A new total wrist replacement device to treat painful arthritis received the FDA’s approval. The design is the payoff of three decades of award-winning research by a hand surgeon, Scott Wolfe, MD at Hospital for Special Surgery (HSS) and Joseph J. Crisco, Director of the Bioengineering Laboratory at Brown University and Rhode Island Hospital.
The HSS Innovation Institute collaborated with Drs. Wolfe and Crisco for obtaining a patent for research and design ideas. The patent was licensed to Extremity Medical, a privately funded company which develops novel technologies which enhances the properties and efficiencies of medical devices.
Chief emeritus of the Hands and Upper Extremity Service at HSS, Dr Wolfe said that this new wrist replacement which is known as the KinematX™ Total Wrist Implant has many revolutionary advantages over conventional implants. The extensive research about the wrist moves that helped researchers in designing a replacement which matches the motion and anatomy of a normal wrist. This must allow for increased durability and natural motion as compared to current implants.
The managing director of Biomechanical Innovation, Douglas U. Leach shared that KinematX™ will be a game-changer in the area of wrist replacement surgery. He added that currently available implants are relatively dated and this latest design leverages bioengineering and clinical experience of Drs. Wolfe and Crisco, their influential research and modern-day design and engineering principals of joint replacement in general.
Wrist arthritis is one of the most debilitating and common conditions affecting around five million Americans. A fusion of the bones present in the wrist may alleviate pain and patients are often limited performing certain activities. Joint replacement surgeries were proposed nearly five decades ago as an option for relieving pain and restoring functions.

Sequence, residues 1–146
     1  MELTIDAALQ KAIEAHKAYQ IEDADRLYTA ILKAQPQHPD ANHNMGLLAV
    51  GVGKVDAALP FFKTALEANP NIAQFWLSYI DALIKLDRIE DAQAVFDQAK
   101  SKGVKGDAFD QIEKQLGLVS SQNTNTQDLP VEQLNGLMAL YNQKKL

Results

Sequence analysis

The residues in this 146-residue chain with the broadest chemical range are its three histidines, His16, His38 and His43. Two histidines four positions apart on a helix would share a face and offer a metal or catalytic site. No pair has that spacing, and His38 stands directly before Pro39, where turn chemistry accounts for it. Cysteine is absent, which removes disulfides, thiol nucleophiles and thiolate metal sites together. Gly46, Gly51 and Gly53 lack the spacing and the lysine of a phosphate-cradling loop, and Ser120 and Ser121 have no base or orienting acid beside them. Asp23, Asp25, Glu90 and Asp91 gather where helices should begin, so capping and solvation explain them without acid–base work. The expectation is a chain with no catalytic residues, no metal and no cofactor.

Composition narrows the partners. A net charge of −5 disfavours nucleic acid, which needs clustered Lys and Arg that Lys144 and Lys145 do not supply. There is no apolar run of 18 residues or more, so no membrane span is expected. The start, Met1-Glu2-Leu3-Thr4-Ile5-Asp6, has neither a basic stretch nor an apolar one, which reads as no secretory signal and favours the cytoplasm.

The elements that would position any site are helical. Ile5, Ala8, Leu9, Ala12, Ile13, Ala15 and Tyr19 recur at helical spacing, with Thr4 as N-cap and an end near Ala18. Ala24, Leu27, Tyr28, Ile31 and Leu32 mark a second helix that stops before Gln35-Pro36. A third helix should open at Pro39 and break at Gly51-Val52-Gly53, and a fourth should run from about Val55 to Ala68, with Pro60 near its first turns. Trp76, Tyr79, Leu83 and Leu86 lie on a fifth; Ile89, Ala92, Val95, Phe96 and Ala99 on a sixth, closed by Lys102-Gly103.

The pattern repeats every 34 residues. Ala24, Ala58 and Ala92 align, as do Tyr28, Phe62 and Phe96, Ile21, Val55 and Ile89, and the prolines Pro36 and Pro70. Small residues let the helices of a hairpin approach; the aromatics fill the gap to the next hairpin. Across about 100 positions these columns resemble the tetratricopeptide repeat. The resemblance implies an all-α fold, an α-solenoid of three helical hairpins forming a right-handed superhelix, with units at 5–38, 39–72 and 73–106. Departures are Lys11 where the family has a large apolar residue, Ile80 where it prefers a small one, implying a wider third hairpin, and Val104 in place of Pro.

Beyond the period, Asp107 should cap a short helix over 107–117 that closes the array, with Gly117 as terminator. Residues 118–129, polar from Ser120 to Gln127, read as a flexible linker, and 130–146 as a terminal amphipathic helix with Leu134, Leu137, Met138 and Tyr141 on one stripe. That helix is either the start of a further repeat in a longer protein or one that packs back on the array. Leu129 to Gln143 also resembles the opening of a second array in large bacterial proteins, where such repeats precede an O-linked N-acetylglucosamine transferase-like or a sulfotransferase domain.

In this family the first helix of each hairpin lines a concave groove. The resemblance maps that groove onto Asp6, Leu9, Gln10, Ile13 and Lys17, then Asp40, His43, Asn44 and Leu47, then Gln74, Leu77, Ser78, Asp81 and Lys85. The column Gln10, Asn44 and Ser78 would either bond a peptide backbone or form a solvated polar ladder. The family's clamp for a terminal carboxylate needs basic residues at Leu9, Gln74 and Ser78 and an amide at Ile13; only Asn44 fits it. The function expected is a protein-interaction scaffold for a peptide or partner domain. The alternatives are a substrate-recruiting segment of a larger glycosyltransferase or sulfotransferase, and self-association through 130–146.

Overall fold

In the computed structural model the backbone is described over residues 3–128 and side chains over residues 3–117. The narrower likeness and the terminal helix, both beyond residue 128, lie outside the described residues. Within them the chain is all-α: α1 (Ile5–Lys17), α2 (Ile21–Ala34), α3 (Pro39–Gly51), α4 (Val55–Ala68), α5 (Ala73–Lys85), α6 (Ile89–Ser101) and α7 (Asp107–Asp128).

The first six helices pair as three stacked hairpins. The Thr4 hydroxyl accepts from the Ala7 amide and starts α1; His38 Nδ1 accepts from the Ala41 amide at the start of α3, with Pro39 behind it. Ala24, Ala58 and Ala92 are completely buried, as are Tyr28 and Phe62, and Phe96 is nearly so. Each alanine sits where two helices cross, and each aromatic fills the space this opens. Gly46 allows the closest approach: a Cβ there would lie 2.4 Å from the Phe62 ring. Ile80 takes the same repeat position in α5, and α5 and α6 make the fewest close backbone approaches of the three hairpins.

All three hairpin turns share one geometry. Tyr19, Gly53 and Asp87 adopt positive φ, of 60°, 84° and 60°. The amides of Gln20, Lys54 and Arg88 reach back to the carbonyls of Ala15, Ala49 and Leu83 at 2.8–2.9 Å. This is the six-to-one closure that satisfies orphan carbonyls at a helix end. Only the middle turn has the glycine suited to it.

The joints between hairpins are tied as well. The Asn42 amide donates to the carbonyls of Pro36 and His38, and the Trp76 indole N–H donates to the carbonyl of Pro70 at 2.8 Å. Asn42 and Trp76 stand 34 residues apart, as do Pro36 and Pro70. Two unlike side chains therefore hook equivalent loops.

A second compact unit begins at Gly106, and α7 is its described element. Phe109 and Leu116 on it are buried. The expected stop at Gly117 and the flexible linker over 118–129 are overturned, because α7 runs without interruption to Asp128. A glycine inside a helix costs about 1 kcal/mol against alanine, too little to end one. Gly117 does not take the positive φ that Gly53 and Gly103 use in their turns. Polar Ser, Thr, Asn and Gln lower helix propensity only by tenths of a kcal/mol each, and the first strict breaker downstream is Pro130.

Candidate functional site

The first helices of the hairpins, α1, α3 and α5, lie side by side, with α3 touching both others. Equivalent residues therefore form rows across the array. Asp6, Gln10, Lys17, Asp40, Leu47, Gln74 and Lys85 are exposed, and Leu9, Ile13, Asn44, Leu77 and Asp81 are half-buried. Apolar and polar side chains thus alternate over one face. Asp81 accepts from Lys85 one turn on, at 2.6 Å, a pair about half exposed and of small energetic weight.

Dr Wolfe and his colleague Dr Crisco decided to design a better method of wrist replacement 3 decades ago. Their first step was to resolve the complexity of movement of individual bones in a normal wrist and also in the injured one. Their research and efforts led to the development and validation of a noninvasive 3D motion analysis system for measuring wrist kinematics that describes the motions essential for various activities. With all that information, they started working on their idea for designing a novel wrist replacement based.
Researchers have received more than $10 million as research grants over the years from the National Institutes of Health for studying the wrist. They received the Kappa Delta Award which is one of the highest honours for orthopaedic researchers from the American Academy of Orthopedic Surgeons and the Orthopedic Research Society.
Our wrist is highly complex, having more than a dozen individual joints which are formed by eight small bones. It was believed previously that our wrist moved the hand in two planes, up and down but these two researchers showed that during several activities like throwing a ball, pouring a glass or hammering a nail, our wrist doesn’t move only in one of these two directions.
The KinematX™ is the only computer designed wrist replacement which mimics the kinematics of human wrist. Its unique design makes the implant more durable than conventional wrist replacements. Surgery with this new device entails the replacement of proximal carpal row bones which are the most severely affected by arthritis.
Surgery with the KinematX™ will be done on an outpatient basis. Dr Wolfe said that he is already having the list of awaiting individuals who are the good candidates. The registry will be done at HSS and other medical centres to track the data on results across the country.